Where to The Merchant, a new downtown brasserie. Chef Matt Foley formerly worked at Craigie on Main in Cambridge and Sycamore in Newton.
What for A stylish perch in Downtown Crossing at all hours — for a business lunch, after-work drinks, dinner, or a late-night snack.
The scene Convivial and crowded at lunchtime, the Merchant looks like a classic brasserie, with tile mosaic on the floor beside the long bar, burgundy leather seating, spherical pendant lights and streamlined chandeliers, and large blackboards inscribed with specials. The wood floors, according to a bartender, are the original boards from the site’s previous tenant, London Harness. Staffers wear crisp white shirts. A man in a suit slurps oysters at the bar; a guy in a leather jacket with a red backpack and a woman in head-to-toe black tuck into sandwiches. The soundtrack features Elton John, the Turtles, Van Morrison, and the Beatles.
What you’re eating A salad doubles as eye candy, featuring roasted and pickled beets, pistachios, fennel, and orange. Rustic farro pasta is served with pork shoulder ragout. At the bar, the country-fried chicken sandwich is a popular order. Dinner brings more-elegant fare like seared scallops with cauliflower and grapefruit.
Care for a drink? The Beetnik — rye, house-made beet liqueur, Averna, creme de cassis, and rhubarb bitters — tastes like a Manhattan that’s gone berry picking. There are several kinds of wine on tap, and the list of more than 60 beers includes limited releases and blackboard specials.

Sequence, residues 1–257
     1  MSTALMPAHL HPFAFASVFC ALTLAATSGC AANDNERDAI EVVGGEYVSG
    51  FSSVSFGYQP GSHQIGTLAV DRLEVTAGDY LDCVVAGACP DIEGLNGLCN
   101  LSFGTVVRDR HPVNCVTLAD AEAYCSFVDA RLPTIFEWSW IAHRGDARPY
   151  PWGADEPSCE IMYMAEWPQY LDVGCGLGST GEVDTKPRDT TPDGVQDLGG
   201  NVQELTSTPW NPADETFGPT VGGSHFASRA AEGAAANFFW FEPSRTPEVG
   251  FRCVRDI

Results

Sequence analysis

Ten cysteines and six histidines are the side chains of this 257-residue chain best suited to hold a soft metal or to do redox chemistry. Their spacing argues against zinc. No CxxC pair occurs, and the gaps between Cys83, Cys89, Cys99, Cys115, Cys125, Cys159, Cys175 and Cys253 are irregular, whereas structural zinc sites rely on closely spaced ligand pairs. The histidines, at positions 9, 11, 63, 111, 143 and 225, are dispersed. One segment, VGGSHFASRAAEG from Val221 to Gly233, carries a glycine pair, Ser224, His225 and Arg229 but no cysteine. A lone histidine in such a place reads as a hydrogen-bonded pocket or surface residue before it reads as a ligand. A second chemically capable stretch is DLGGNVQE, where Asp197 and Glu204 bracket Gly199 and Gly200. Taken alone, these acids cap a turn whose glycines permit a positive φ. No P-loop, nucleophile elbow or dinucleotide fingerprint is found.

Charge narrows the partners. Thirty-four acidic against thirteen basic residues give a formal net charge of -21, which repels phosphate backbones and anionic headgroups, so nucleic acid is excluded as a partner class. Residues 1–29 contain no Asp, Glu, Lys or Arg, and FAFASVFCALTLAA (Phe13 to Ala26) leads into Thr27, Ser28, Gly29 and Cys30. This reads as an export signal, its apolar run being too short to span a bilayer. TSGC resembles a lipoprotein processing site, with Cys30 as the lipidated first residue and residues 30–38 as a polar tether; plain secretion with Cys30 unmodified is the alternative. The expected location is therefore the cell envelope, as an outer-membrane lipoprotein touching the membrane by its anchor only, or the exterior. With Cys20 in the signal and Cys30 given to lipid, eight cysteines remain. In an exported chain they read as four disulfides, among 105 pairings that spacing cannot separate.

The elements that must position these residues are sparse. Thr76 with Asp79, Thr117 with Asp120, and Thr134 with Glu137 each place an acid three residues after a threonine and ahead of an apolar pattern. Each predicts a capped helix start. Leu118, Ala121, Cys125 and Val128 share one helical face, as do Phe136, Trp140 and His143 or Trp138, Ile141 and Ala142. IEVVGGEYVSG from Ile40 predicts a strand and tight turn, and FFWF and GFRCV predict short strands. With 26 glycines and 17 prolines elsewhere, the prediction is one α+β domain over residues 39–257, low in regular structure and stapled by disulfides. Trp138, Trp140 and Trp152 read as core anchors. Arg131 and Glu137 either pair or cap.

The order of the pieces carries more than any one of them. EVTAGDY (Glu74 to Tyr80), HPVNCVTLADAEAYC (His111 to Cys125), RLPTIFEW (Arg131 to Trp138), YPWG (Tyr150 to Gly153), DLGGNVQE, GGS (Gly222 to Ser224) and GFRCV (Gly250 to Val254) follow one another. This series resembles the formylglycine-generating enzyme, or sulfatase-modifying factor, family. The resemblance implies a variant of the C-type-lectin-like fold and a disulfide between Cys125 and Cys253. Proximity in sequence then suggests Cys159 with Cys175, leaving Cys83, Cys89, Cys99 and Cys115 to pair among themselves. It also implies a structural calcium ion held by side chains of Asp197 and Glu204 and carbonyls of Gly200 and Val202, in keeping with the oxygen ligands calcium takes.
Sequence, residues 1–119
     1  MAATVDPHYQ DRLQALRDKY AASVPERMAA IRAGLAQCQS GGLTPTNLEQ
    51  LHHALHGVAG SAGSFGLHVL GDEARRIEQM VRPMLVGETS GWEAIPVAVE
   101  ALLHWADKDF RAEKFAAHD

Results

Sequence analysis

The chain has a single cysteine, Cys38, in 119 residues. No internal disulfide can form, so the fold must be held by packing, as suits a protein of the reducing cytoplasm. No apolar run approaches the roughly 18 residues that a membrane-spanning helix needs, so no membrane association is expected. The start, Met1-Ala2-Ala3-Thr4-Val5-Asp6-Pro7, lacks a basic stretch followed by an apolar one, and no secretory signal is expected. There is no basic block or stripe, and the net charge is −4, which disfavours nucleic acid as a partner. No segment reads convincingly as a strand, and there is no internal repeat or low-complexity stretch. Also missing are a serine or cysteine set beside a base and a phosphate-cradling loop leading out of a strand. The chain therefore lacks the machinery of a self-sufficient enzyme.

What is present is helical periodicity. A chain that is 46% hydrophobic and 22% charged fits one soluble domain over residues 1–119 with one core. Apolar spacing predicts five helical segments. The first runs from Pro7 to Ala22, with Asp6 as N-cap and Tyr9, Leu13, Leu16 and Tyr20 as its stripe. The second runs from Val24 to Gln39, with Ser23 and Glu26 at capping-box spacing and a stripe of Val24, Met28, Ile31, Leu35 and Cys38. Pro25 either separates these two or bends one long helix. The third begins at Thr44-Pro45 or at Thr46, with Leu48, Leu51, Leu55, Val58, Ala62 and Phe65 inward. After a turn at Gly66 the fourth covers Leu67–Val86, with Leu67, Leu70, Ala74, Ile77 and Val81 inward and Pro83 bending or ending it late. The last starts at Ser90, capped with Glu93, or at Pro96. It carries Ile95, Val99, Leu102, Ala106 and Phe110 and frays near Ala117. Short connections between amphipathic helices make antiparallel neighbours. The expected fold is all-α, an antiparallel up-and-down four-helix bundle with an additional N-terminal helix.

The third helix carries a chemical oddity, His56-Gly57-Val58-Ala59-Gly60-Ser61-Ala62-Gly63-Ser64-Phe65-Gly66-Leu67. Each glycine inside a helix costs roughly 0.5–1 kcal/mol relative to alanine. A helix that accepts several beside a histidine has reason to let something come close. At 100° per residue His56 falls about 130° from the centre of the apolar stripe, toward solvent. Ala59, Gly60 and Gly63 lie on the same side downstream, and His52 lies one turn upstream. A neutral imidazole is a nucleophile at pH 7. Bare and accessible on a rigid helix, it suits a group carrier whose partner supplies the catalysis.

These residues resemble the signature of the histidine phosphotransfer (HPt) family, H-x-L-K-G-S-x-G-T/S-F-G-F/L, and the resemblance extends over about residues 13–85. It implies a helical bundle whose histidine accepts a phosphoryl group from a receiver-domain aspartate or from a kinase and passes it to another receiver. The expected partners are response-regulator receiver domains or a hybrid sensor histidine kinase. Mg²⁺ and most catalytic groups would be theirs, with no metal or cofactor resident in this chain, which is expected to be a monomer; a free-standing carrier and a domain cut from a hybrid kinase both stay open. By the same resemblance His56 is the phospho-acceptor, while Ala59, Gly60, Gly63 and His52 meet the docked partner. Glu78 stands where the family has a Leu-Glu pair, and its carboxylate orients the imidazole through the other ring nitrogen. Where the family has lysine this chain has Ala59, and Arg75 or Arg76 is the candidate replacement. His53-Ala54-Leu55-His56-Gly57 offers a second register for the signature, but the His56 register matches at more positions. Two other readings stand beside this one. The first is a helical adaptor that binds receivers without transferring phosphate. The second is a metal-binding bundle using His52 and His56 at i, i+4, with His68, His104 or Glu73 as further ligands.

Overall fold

Overheard Talk of the missing Malaysia Airlines jetliner, hunting licenses, and hedge funds. Lawyer shop talk. Funny stories about people’s kids. The F-word. “The guy lies and cheats and steals his way to the top,” one man says. “Karma is a delicate thing,” opines another. “Why can’t all men talk to me like that?” someone at the bar asks a friend. Someone else expresses love for his mother: “I mean, she gave birth to me!” There is juicy gossip being exchanged: “They found him on the floor with his underwear around his ankles and . . . porn tapes strewn on the floor. The guy is a total disaster.” “We butcher stuff in the basement,” a bartender tells a guest. People discuss the space. “It’s a good-looking bar.” “It used to be London Harness. Such a genteel old downtown spot. No one would ever go there anymore.” “I got my mother a chess set there once.” Two women in work-to-evening wear part ways. “All right, back to work.” “I’ll see you on the boat!” one leave-taker calls to an acquaintance at the bar.
60 Franklin St., Downtown Crossing, Boston. 617-482-6060.